Since December 2019, the coronavirus disease 2019 (COVID-19) has become a global pandemic. Currently, the COVID-19 pandemic is still ongoing. What changes have taken place in the obesity and obesity-related lifestyle behaviours of adolescents during the first year of the COVID-19 pandemic? This study aims at analysing the changes in obesity and lifestyle behaviours of Chinese adolescents before and 1 year after the outbreak of the COVID-19 pandemic, providing evidence for the global strategies to respond to the impact of the COVID-19 pandemic on adolescent obesity.
Kate Howlett; Edgar C. Turner
In the United Kingdom, children are spending less time outdoors and are more disconnected from nature than previous generations. However, interaction with nature at a young age can benefit wellbeing and long-term support for conservation. Green space accessibility in the United Kingdom varies between rural and urban areas and is lower for children than for adults. It is possible that COVID-19 lockdown restrictions may have influenced these differences. In this study, we assessed parents' attitudes towards green space, as well as whether the COVID-19 lockdown restrictions had affected their attitudes or the amount of time spent outside by their children, via an online survey for parents of primary school-aged children in Cambridgeshire and North London, UK (n = 171). We assessed whether responses were affected by local environment (rural, suburban or urban), school type (state-funded or fee-paying) or garden access (with or without private garden access).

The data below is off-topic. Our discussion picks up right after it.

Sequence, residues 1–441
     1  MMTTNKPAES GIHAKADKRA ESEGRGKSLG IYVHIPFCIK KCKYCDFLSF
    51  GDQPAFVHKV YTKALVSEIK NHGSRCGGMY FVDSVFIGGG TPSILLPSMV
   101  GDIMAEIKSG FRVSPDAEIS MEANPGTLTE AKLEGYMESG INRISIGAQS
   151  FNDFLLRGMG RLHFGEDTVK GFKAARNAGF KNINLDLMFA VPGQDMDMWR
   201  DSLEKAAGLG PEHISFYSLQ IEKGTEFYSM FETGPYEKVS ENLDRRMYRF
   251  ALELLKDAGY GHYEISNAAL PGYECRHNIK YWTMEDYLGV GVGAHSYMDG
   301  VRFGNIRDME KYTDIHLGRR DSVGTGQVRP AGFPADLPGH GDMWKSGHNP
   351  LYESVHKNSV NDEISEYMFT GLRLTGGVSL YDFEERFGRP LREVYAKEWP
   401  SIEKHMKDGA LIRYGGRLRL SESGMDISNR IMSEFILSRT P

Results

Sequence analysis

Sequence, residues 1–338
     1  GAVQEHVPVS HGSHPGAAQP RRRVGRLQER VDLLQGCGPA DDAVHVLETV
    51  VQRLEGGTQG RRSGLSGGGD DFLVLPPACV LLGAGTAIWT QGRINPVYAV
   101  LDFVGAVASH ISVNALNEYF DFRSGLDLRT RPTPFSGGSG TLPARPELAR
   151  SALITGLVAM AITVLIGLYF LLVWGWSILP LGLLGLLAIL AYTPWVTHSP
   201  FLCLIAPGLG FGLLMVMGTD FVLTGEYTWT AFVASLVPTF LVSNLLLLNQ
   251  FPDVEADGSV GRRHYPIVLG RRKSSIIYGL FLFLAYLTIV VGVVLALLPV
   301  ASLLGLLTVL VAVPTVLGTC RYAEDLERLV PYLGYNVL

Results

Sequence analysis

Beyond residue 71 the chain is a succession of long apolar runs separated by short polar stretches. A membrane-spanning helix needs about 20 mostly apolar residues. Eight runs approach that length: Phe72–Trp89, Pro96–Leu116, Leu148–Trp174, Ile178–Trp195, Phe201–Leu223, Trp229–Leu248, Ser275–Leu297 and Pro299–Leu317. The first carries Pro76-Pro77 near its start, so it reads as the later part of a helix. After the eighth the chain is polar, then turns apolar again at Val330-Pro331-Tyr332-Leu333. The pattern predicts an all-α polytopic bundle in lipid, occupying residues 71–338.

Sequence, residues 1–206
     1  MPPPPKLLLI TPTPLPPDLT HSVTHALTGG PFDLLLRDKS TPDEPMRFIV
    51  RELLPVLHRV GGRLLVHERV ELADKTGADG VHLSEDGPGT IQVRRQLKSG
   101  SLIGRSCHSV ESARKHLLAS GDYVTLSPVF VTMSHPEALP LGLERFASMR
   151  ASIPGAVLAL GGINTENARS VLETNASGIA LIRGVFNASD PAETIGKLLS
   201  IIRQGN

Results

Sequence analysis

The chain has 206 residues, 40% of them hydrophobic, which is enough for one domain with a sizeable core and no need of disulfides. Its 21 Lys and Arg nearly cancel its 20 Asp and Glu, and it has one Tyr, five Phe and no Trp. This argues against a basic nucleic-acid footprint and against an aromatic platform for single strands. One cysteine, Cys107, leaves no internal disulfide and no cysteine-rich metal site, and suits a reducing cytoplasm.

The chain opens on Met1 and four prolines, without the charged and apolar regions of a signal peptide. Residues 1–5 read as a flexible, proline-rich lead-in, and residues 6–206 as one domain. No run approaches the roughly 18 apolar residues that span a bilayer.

Oliver Ramos Álvarez; Víctor Arufe Giráldez; David Cantarero Prieto (et al.)
Stephanie L. Clendennen; Kathleen R. Case; Aslesha Sumbe (et al.)
Studies show smoking and vaping
behaviors increase risk of contracting and worse symptoms of COVID-19.
This study examines whether past 30-day youth and young adult users of
marijuana, e-cigarettes, and cigarettes self-reported changes in their
use of these substances due to the COVID-19 pandemic; and
cross-sectional associations between perceived stress, nicotine or
marijuana dependence, and COVID-19–related changes in use. Participants
were 709 past 30-day self-reported substance users from the Texas
Adolescent Tobacco and Marketing Surveillance study (TATAMS; mean age =
19; 58% female; 38% Hispanic, 35% white). Multiple logistic regression
models assessed cross-sectional associations between perceived stress
and dependence and increased, decreased, or sustained past 30-day use of
marijuana, e-cigarettes, and cigarettes due to COVID-19 (e.g., “Has
your marijuana use changed due to the COVID-19 outbreak?”). Covariates